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    Cold Souls

    Soul asylum

    Paul Giamatti shines (again) after putting his soul in cold storage c/o David Strathairn.


    What a joy it is to see Paul Giamatti in almost any role, and in "Cold Souls" we get two for one: he plays himself, an angst-ridden actor, and Uncle Vanya, an angst-ridden character. OK, we don't get to see much of him as Vanya, but enough to want to see more of his particular Chekhovian journey of despair.

    Written and directed by: Sophie Barthes.
    Produced by: Daniel Carey, Elizabeth Giamatti.
    Cast: Paul Giamatti, Dina Korzun, Emily Watson, David Strathairn.
    Cinematography: Andrij Parekh.
    Edited by: Andrew Mondshein.
    Music by: Dickon Hinchliffe.
    Production design by: Beth Mickle.
    Art direction by: Michael Ahern.
    Costumes by: Erin Benach.
    Fortunately, the character of Paul Giamatti the actor has his own delicious journey. In an attempt to rid himself of those uneasy feelings you get when working on a tough role, he does what any one of us might do: he has his soul extracted and put in storage on Roosevelt Island.

    As with most operations involving the removal and storage of internal organs and, by extension, souls, there is the inevitable Russian underground with its slightly lower clinical standards. Nina, the beautiful soul mule from St. Petersburg played by Russian actress Dina Korzun, shuttles back and forth to New York and in the process, well, of course things get complicated. The end result could be much worse than Paul Giamatti getting panned by critics for a soulless performance of Uncle Vanya.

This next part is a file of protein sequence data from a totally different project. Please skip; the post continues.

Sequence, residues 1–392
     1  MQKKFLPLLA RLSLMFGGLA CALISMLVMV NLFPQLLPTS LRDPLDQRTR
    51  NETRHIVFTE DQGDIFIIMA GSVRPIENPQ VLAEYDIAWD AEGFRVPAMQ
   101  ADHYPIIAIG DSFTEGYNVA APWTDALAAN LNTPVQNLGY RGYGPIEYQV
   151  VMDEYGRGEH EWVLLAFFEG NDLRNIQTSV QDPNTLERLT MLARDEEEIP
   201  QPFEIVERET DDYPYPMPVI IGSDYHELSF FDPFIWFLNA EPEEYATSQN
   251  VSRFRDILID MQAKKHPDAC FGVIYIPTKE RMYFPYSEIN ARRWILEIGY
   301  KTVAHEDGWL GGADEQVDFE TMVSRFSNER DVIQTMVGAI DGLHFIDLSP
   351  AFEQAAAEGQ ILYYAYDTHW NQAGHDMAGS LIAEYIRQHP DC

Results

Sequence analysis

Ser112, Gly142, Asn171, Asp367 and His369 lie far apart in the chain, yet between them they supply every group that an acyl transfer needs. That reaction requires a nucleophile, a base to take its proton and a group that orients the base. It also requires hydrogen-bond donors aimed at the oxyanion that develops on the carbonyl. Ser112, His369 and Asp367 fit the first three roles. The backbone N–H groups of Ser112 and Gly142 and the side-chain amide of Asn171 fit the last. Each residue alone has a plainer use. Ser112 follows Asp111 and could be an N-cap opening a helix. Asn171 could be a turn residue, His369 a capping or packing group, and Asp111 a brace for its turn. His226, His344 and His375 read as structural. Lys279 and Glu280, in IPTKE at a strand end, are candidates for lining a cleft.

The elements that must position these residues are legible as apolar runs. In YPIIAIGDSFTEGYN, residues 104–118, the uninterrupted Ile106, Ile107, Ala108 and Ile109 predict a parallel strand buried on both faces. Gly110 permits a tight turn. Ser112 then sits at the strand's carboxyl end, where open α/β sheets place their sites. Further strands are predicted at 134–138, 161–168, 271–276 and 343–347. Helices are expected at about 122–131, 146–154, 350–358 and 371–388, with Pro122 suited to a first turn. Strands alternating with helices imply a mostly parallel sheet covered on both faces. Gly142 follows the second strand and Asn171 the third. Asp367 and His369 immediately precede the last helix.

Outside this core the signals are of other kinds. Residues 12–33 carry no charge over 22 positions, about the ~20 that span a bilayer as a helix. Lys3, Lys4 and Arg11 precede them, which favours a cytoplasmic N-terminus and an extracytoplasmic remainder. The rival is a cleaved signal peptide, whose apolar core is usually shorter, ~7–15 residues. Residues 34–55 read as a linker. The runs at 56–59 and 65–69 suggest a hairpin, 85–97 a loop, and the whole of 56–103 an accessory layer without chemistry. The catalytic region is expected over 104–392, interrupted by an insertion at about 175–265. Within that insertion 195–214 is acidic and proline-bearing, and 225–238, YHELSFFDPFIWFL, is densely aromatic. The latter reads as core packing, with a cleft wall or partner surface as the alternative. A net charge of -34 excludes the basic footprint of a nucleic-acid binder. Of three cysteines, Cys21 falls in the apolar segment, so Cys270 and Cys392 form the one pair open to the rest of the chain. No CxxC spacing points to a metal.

Cold Souls  
    The acting is first-rate, with David Strathairn as Dr. Flintstein of the soul storage clinic, Emily Watson as Paul Giamatti's wife, and most notably Korzun as the international soul dispenser, whose quiet intensity and understated comedy is riveting. Sophie Barthes wrote and directed the film, which is complemented by the soft, nostalgic cinematography of Andrij Parekh.

      The absurdity and cleverness and acting genius make this movie more than worthy of your time.
    The premise of this movie is as bizarre as that of "Being John Malkovich" with a touch of mockumentary about illegal trafficking. And it works. Its tongue-in-cheek, deadpan humor made me laugh out loud. It helps to be a theater-lover and a New Yorker, I think, but it is hard for me to know how a wider audience may perceive the backdrop of this story. There is no rip-roaring pace or great sex scene. Even the pay-off is slightly disappointing when Paul is forced to "look inside."

    Cold Souls  
    But the absurdity and cleverness and acting genius make this movie more than worthy of your time and twelve dollars. I will probably pay to see it again.

    And I never do that.

    SEPTEMBER 12, 2009

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